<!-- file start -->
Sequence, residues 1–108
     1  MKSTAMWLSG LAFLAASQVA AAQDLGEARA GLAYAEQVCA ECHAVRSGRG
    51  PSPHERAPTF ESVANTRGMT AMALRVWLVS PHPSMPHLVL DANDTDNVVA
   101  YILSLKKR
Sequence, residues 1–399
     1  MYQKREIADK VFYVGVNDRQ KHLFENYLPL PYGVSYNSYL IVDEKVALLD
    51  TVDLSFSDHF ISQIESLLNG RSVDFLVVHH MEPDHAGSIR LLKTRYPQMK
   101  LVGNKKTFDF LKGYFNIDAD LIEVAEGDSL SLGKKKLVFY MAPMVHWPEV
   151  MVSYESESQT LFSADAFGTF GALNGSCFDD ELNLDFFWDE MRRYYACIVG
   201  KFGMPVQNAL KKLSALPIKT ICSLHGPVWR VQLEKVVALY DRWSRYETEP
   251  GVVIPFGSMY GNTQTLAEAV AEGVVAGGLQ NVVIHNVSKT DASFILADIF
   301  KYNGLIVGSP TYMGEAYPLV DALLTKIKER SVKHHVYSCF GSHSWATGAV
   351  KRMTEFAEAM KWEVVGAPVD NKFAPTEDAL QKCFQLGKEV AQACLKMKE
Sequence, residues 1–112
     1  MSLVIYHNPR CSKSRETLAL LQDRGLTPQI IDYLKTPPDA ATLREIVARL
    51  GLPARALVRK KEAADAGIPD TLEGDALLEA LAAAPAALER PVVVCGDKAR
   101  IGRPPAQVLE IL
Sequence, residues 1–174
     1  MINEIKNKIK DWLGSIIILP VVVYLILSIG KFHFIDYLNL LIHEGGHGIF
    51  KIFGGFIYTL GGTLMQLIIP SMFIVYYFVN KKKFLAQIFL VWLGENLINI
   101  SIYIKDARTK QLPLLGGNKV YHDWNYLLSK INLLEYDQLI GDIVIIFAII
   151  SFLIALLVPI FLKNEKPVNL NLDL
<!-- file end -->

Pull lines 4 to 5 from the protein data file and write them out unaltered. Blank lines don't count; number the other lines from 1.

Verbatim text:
   101  YILSLKKR
Sequence, residues 1–399